This review has been ‘repurposed’ from my other site, theOneliner.com
It’s taken three years for Steve Buscemi’s second stab at directing a feature film to reach U.K. cinema screens, and while it’s worth seeing if you’ve been hankering for a prison drama it takes a strange, entirely observational view of life in chokey, and seems to make no attempt to comment on what’s unfolding. While involving, on leaving the cinema the point of it all seemed to escape me leaving me wondering exactly what it’s message (if any) was.
The Reservoir Dogs connections run rife here, with Buscemi directing an Edward Bunker adaptation of his own book. Bunker was the barely present Mr. Blue in that work, and appears briefly as one of the convicts in this version but the stars of this particular show are Willem Dafoe and Edward Furlong.
Ron Decker (Furlong) is a young lad from a well-off family that’s had the misfortune to be busted in the possession of a fair chunk of marijuana with the intent to supply. As it’s an election year, the state wants to show how tough they’re being on crime in the usual vote-grabbing way and punish poor Ronnie to the fullest extent of the law. He is sent down for a considerable stretch in penitentiary, a worrying experience for a fresh faced, tender young lad in a situation where soap dropping could provide an unwelcome sensation.
The prison he winds up in is also home to one Earl Copen (Dafoe), a long term convict and a noted face in the system. Much like Morgan Freeman’s character in The Shawshank Redemption (proving the statutory reference for any review of a prison based drama), he’s a man who knows how to get things that aren’t strictly allowed, and knows how to influence the guards, doctors and other inmates to make sure life is a little easier for him and his friends.
After the two are initially introduced by a common acquaintance, the two refreshingly and believably don’t instantly become best buddies even after Ron goes to Earl for help a few times, but after Ron takes a chance to warn Earl’s posse of an impending guard raid on their illicit hooch supply he becomes accepted into their clique. Earl takes on a convict mentor’s role to Ron, helping him find the easiest way to do his time and swinging a bit of influence to get him some of the more palatable jobs in the joint.
And that’s really it, for the bulk of the film’s short 90 minute running time. This is doing it a grand disservice because it’s an enjoyable ninety minutes. The dialogue is crisp and believable (if anyone should know how prisoners really talk it’s Bunker, given his lengthy jail record), Dafoe in particular is superb, friendly and intelligent one minute, dangerous and calculating the next. We’ve not seen much from Bunker worthy of note since his stint as John Conner in T2: Judgement Day but he’s more than adequate here, slipping from a position of comparative innocence to a more assuredly ruthless character by the end, with internal conflict and crisis’s being discussed with Earl throughout the film in a way that never veers towards sentimentality or away from believability.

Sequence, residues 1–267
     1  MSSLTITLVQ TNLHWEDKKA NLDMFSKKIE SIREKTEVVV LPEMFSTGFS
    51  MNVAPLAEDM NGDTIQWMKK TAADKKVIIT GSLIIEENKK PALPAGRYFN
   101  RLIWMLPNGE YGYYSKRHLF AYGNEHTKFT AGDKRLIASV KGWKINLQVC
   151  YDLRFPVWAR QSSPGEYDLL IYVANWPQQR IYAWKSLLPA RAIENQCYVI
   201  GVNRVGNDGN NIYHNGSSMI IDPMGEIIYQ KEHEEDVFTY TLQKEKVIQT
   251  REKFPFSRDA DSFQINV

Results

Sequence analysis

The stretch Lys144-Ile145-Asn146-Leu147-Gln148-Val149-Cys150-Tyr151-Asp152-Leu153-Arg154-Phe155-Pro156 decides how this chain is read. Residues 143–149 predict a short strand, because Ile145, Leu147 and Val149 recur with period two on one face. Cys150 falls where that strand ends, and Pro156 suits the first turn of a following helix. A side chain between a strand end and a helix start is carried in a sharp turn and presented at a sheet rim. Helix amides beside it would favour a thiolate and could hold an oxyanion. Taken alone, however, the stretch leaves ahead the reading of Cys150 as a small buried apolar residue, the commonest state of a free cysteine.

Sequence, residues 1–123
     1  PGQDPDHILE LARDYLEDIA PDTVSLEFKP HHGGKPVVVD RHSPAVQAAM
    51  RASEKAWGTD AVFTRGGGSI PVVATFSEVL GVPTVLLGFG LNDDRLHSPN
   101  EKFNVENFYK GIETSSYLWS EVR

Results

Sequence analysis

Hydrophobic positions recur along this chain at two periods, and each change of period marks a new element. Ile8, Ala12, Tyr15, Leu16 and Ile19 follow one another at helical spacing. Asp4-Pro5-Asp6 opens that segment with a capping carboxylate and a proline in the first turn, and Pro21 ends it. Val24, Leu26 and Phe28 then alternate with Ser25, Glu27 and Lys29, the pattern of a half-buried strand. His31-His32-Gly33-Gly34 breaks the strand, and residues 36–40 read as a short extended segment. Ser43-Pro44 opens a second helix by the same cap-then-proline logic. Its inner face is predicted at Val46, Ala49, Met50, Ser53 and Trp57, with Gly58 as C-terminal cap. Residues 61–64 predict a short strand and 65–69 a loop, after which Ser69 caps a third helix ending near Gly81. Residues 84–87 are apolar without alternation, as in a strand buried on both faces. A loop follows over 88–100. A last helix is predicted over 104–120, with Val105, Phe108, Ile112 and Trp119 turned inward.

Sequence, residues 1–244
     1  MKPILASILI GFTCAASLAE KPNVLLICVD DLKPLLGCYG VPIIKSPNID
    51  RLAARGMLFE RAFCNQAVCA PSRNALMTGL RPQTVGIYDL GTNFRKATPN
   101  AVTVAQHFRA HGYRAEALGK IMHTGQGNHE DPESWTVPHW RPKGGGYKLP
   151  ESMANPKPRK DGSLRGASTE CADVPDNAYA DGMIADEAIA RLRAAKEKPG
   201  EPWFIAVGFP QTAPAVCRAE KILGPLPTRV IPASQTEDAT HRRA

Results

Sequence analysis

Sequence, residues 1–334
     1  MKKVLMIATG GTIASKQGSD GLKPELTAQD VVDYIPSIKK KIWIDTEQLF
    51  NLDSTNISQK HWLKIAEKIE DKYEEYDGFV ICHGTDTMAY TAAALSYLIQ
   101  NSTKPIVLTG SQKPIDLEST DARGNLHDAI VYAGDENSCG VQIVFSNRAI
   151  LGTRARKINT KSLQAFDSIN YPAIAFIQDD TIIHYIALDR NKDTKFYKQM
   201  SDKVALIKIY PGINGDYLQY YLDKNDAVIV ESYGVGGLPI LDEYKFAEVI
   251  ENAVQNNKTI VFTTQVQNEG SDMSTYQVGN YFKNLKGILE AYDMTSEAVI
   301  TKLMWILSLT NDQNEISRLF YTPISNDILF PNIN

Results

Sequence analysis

Buscemi’s direction is perhaps best described as focussed, as it should be and provides the necessary sympathy with Ron’s plight and interest in Earl’s character. Perhaps it does this too well, as it becomes difficult to work out exactly what Earls interest in helping this lad so much is. Despite at least one moment that veers towards homoeroticism as they play handball (probably not what you think it is, you dirty minded child), Earl is adamant there’s no sexual interest which we can only believe as there’s no action to suggest otherwise. Maybe Earls recognises some part of himself in the young lad and wants to help him get out of prison while still young, as opposed to his stay in prison which has turned into a career by a string of additional time for minor infractions.
While it’s nice to be left with something to think about, there’s not enough information imparted for us to really have a clue what to make of it all. Some concession to narrative is in the movie, with talk of an escape between Earl and Ron and crisis inflicted by the unwanted attention of a redneck Buck Rowan (Tom Arnold) in Ron’s body cavities. Arnold, despite having a very minor role puts in one of his better performances, thankfully reigning in his trademarked and annoying goofiness and providing a credible threat to young Ron.
This is a very observational tale, and it seems as though consciously little effort has been made to pass comment on the events that unfold. While it’s refreshing to have to actually think about things rather than have a character continually point out ‘This is bad, m’kay’, it does leave the film with a vacuum where you might except to find the moral of the story. None of the guards are shown as evil monsters abusing their power, none of the inmates are held up as shining examples of humanity, in fact it’s all very much like life. Good people and bad people inhabit every walk of life, and prison is apparently no different.
Without the movie passing any comment in prison society, and with only a slight hint at commenting on the effects prison has on it’s inmates (Ron gets noticeably angrier and prone to violence by the end of the film, but only in response to threats that would probably have provoked the same response regardless of location), we’re left with no real message or point to the film. Well, apart perhaps from ‘Don’t go to prison, it’s bap’.
Like Buffalo Soldiers, this film is certainly enjoyable at the time but on reflection ends up feeling shallower and more pointless. This is perhaps only really an issue after writing about it, and if you’d asked for a snap judgement on leaving the cinema I’d probably have been inclined to like this a little more. Nonetheless..